The "?" is the placeholder, and the DBI knows that it should be replaced by the value passed to the execute method. The DBI will automatically take care of quoting the variables passed through placeholders, thus relieving you from an implementation headache.

That's all, folks!

That was all I could do without crossing the boundary between article and book.
I hope I managed to shed some light on a few dark, neglected aspects of database programming.
The bottom line is:
To make a better application, plan in advance, know your tools, and let the database engine do its job.
Any further contribution will be welcome.

update 4-May-2002. Fixed some typos.
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Replies are listed 'Best First'.
Re: The fine art of database programming
by mpeppler (Vicar) on Apr 30, 2002 at 00:57 UTC
    One additional pitfall for most people using a relational database for the first time: there are no record numbers!

    An RDBMS is based on set theory, and a particular row has no inherent position in its table (although some database systems fake this).

    Hence the very common question: how do I fetch rows 100-120, where the database independant answer is always: use an appropriate WHERE clause.


      And there was me thinking it was:
      SELECT * FROM table LIMIT 99, 21;
      No WHERE clause in sight. If you want be be a bit more specific on how things are ordered (rather than insertion order (which I believe is defined as being the standard ordering)), you do
      SELECT * FROM table ORDER BY col LIMIT 99, 21;
      Still no WHERE clause.
        I am sorry, pdcawley, but I have to disagree.
        One of the fundaments of the relational model is that you don't make assumptions on the physical storage of the records. What you are suggesting is quite dangerous, as the following example shows.
        mysql> describe test_order; +-------+----------+------+-----+---------+-------+ | Field | Type | Null | Key | Default | Extra | +-------+----------+------+-----+---------+-------+ | id | int(11) | | PRI | 0 | | | name | char(10) | YES | | NULL | | +-------+----------+------+-----+---------+-------+ 2 rows in set (0.00 sec) mysql> select * from test_order; #all the records +----+------+ | id | name | +----+------+ | 1 | aaaa | | 2 | bbbb | | 3 | cccc | | 4 | dddd | | 5 | eeee | | 6 | ffff | | 7 | gggg | | 8 | hhhh | | 9 | iiii | | 10 | jjjj | +----+------+ 10 rows in set (0.01 sec) mysql> select * from test_order limit 4,3; #1st request. OK so far +----+------+ | id | name | +----+------+ | 5 | eeee | | 6 | ffff | | 7 | gggg | +----+------+ 3 rows in set (0.00 sec) # now we remove one of the records we were selecting through LIMIT mysql> delete from test_order where id = 5; Query OK, 1 row affected (0.00 sec) # and we insert another record mysql> insert into test_order values (11, "kkkk"); Query OK, 1 row affected (0.00 sec) # Then we insert the deleted record again mysql> insert into test_order values (5, "eeee"); Query OK, 1 row affected (0.00 sec) mysql> select * from test_order limit 4,3; +----+------+ | id | name | +----+------+ | 11 | kkkk | | 6 | ffff | | 7 | gggg | +----+------+ 3 rows in set (0.00 sec)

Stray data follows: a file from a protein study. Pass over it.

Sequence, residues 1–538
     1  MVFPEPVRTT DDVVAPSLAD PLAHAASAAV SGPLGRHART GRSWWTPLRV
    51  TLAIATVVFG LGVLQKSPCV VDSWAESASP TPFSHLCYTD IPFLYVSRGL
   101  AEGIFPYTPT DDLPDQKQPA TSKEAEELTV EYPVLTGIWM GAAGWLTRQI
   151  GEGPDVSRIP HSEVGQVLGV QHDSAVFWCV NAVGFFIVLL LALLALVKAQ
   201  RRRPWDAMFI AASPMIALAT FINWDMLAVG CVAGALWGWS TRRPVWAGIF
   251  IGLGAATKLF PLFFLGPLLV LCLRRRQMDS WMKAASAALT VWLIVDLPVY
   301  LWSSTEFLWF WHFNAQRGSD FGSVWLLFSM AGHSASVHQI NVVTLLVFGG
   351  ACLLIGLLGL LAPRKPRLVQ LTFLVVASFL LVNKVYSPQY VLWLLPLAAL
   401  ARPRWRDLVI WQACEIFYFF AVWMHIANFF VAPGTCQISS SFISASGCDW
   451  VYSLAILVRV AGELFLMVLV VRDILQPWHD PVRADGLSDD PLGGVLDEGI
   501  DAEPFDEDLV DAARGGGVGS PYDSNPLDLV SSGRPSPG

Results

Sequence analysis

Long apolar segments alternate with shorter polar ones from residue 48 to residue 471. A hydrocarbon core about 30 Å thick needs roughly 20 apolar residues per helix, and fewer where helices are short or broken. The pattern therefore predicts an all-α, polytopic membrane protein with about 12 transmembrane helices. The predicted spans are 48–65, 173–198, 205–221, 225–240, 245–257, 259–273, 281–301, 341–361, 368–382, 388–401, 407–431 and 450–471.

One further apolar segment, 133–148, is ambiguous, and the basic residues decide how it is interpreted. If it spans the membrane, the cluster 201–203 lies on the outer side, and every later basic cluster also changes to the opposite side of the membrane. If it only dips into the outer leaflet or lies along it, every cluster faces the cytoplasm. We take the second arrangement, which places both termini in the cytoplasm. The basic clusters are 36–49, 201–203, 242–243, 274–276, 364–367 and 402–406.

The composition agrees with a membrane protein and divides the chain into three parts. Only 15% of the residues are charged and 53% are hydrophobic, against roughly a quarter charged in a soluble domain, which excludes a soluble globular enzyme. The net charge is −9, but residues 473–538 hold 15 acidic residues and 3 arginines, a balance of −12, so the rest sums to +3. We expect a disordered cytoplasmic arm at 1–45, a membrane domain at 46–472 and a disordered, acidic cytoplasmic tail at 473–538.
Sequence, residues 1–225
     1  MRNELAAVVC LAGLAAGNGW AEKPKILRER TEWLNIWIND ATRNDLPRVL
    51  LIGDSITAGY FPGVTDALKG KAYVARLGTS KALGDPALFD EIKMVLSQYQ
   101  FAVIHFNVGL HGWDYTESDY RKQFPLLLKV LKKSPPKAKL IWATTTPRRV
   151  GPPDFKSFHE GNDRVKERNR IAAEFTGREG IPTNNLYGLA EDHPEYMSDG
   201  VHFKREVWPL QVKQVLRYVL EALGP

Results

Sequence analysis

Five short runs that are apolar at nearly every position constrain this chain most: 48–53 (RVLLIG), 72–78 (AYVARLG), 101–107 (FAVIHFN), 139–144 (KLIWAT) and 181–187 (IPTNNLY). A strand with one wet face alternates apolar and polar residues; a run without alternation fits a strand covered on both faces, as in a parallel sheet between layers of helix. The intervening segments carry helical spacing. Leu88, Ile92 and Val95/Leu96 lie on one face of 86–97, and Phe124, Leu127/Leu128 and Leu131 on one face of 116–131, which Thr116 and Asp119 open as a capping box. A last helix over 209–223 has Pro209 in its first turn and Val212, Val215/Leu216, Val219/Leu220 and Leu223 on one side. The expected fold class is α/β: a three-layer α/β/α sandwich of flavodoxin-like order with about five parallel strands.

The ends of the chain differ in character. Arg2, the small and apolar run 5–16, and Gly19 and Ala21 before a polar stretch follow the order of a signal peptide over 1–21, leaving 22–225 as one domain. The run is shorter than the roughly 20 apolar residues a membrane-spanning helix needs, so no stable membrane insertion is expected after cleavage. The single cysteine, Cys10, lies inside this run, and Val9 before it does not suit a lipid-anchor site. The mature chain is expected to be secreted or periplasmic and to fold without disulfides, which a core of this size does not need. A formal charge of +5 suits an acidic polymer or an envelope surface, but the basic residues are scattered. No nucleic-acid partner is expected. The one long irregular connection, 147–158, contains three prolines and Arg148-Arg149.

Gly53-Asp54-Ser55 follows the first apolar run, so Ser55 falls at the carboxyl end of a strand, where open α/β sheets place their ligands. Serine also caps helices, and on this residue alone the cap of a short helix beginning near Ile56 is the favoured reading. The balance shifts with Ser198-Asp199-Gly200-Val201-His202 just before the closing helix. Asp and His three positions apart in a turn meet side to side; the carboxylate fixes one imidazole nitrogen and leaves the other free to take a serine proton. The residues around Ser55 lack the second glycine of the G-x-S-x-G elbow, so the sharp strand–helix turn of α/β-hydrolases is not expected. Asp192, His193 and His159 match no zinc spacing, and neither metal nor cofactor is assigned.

The same query, after a couple of delete/insert statements, gives you different results.
        It is true that you can correct the result using the ORDER BY clause, but you are not dealing with "record numbers".
        The LIMIT clause, for those database that support it, guarantees that N records from the result dataset, starting at a given position are returned. There is no assumption about their position in the table.
        If you want to return correct records, use the WHERE clause.
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        I believe that LIMIT is a DBMS-specific extension. For example...
        in MS SQL Server:
        SELECT TOP 10 col FROM table
        in IBM DB2:
        I think the only platform independent way to do this is:
        SELECT col FROM table A WHERE 10 > (SELECT COUNT(*) FROM table B WHERE A.col < B.col) ORDER BY col DESC
Re: The fine art of database programming
by Matts (Deacon) on May 01, 2002 at 11:22 UTC
    Great post.

    One module I'd like to point out that can come in really useful for cross-database applications is DBIx::AnyDBD. This follows the principle laid out above - knowing your database is extremely important, and so you should have access to it's features.

    But beyond that, it ensures that you can always port your application to a new database in a clean and consistent manner, and in a way that your users won't have to care about (apart from changing the DBI connect string). It does this by simply providing a subclass for each database. So you write your default query stuff in a file, and put Oracle specific stuff in, Sybase specific stuff in, and PostgreSQL specific stuff in It then uses simple rules at connect time to give you the right class, and it does this correctly with the Windows abstraction layers ODBC and ADO too.